Animal advocates celebrate historic shark fin ban
Posted: Jul 01, 2010 2:52 PM Updated: Jul 01, 2010 3:59 PM
By Tim Sakahara – bio | email
On July 1 Hawaii will become the first government in the world to ban the possession, distribution and sale of shark fins and it’s already sending ripples to the rest of the world.
The law means restaurants won’t be able to serve shark fin soup, but the impact goes well beyond what’s on a Chinese food menu.
From predator to protected, the new state law is aimed at preventing shark finning a process where fisherman slice the fins then throw the animal back into the ocean to die.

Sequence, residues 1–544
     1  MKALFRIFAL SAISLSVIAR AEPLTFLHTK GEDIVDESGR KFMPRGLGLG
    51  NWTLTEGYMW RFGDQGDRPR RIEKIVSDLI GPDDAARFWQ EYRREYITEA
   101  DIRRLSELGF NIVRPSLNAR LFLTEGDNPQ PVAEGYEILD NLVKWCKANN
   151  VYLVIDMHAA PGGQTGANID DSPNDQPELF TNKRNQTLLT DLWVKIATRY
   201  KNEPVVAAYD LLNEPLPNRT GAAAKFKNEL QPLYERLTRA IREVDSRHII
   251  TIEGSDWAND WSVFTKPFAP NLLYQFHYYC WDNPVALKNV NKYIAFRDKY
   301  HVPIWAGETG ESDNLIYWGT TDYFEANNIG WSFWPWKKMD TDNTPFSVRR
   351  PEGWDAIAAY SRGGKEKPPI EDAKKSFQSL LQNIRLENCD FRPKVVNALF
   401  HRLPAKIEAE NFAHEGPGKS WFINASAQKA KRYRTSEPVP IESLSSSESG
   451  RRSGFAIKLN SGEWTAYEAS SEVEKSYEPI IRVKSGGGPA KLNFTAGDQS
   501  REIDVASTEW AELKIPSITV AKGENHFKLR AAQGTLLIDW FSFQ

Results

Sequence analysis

“As far as I’m concerned it’s no different than killing an elephant for its tusks or dehorning a rhinoceros for its horn. These are cruel and inhumane practices that have no business in a civilized world,” said State Senator Clayton Hee, (D) Kahuku, Laie, Kaneohe.
State Senator Hee, along with many animal advocates, reeled in the votes to make it illegal to have shark fins.
“It has sent a message that it can get done,” said Sen. Hee.
“This is the first in the world. I don’t how many times Hawaii has led the world but today it’s leading the world and that’s something to be proud of,” said Peter Knights, WildAid Executive Director. “Today is a happy occasion and sharks don’t get many happy occasions.”